How to safeguard your cash register?

There may be many cogs in a business operation and every one of them is important and needs to be safeguarded. The most important of them is the “cash register”. The threat to cash register existed since the inception of commerce. People invent new ways to protect it and it seemed for quite a while this risk is mitigated with the introduction of credit cards and the online payments. However, in this 21st century, the folks from the medieval times are back again in the virtual world and now they have a new name “hackers”.

There are many reasons and ways for the businesses to protect sensitive data.  I will concentrate on online businesses and on only one item – how to efficiently process and secure customer credit card data and conform to all regulations and not be liable.

Currently, organizations have a wide range of choices to process credit cards as they sell widgets and to charge the cards on a monthly basis to process recurring payments.  There are many ways to process cards, there are thousands of payment processors offering all sorts of discounts on volume, type of cards etc. To process recurring payments, you need to store credit cards. The moment you store credit cards on your infrastructure, no matter how secure you are, you are setting yourself to be a Target (no pun intended).

I set out to review the choices available in the marketplace for a payment processor that enables charging your customer credit cards both one-time as well as recurring payments without forcing your customers to have an account with them, conform to regulations and be PCI compliant.

I reviewed Amazon (Devpay, FPS), Google Wallet, PayPal and Stripe. At the outset Amazon and Google can be discounted as it forces the customers to have an account with them i.e they are allowing you to charge their customers and not the other way. There are enough middle men and I don’t like having one more between you and your customer. With PayPal, you can do both. i.e if you want your customers to pay with their PayPal account, you can do so or you can use PayPal Payments Pro (Direct Payment) which lets you pass the credit cards from your website shopping cart to PayPal behind the scenes through APIs and provide a seamless experience of your customers not having to leave your website. PayPal also offers subscription / recurring payments wherein you can setup certain customers to be billed at regular intervals and a fixed amount to be charged. PayPal also offers something called “Virtual terminal”, which lets your employees to login to a PayPal website to charge customers cards manually. They also offer a device to enable MOTO customers and physical credit card processing as well.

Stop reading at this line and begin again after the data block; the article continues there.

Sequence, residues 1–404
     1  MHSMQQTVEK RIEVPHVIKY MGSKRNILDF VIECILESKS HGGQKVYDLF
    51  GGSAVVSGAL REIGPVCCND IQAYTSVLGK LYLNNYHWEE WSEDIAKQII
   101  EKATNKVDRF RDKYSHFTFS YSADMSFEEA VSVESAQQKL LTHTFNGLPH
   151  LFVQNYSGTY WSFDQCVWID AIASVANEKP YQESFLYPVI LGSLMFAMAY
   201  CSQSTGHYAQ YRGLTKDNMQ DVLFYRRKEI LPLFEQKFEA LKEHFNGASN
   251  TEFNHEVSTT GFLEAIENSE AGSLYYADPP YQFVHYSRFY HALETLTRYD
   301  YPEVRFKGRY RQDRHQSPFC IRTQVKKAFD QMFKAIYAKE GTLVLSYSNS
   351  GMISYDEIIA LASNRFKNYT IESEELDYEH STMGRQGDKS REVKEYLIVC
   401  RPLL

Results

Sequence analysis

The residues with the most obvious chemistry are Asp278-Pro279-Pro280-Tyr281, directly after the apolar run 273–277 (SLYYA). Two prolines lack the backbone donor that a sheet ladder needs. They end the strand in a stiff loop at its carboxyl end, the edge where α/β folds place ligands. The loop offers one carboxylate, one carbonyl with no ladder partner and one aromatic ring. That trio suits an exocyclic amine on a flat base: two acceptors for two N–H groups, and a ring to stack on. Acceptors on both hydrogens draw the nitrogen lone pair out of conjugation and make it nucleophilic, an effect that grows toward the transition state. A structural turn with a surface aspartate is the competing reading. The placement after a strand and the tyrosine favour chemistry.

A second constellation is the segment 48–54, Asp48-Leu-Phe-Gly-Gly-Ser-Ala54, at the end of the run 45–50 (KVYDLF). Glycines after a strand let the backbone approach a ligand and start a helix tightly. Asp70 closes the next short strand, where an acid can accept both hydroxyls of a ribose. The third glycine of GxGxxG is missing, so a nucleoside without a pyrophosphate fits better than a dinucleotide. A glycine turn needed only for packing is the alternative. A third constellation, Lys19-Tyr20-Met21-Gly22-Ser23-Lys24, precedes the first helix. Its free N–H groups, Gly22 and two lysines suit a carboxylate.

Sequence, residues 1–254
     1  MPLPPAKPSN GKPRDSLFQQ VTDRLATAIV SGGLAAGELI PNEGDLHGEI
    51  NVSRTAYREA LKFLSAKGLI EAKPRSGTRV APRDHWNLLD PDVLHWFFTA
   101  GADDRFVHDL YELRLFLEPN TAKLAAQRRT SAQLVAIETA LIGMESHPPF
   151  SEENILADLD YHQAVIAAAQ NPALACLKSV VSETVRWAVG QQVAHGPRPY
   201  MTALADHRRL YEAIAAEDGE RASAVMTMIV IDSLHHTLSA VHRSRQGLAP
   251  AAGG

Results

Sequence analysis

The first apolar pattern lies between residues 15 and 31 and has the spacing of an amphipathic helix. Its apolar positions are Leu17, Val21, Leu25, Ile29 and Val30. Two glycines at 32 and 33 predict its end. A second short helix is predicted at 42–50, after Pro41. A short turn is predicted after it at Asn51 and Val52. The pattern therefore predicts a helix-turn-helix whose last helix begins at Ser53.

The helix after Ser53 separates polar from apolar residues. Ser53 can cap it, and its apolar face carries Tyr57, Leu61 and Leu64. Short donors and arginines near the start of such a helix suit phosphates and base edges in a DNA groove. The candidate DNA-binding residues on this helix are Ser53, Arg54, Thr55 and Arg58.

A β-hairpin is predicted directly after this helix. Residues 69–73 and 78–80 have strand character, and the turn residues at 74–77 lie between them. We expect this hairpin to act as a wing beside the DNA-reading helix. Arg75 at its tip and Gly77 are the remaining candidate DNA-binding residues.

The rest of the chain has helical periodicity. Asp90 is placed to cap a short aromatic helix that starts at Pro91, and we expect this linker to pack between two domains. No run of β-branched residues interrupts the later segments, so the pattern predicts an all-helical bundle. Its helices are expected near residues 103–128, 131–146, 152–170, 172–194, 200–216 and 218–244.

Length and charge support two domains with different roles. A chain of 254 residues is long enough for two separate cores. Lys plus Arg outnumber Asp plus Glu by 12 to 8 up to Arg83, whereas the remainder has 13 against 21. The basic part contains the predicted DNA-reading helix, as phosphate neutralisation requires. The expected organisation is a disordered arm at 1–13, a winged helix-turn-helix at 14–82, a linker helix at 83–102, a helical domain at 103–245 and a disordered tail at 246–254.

Stripe is a very interesting new player in the market place and does all we want in a clean straight forward fashion. With Stripe, you can create a customer profile with a default credit card and they would return an ID. Every single time, you want to charge that customer you just mention that ID and the amount. You can setup recurring payments as well. You need to create a recurring plan with a said amount and set the plan in specific customers’ profile. It will charge the customers at the specific plan in a recurring interval mentioned. If the amount you charge monthly or at regular intervals varies, then you can still charge the customers you want to charge by sending the ID and the amount, it’s that simple.

Both PayPal and Stripe offer authorizations, process refund of a specific sale (partial or complete), charge pretty much 2.9% + 30c a transaction. If you have higher volume, you can strike a discount with any of them.

Here is a simple comparison of PayPal Pro Direct and Stripe.

PayPal Pro Stripe
Your Customers need to have an account with No
fees 2.9% + 30c 2.9% + 30c
Recurring payments Yes Yes
Stores Credit card only for recurring pay Yes
Charge cards without sending card info everytime No Yes
Encrypt Card info while sending No Yes
Virtual Terminal Yes No
You will be PCI compliant No Yes

if you have your own website with web pages to collect credit card information; don’t want to store credit cards; Want to charge different amounts at regular intervals; don’t want your customers to have an account with other vendors; be PCI compliant and need a processor to process your credit cards, then I would recommend Stripe.

If you don’t want to go through the pain of designing your own web pages to collect credit cards, then you should consider all mentioned processors PayPal, Amazon and Google.

Here are some quick, direet references.


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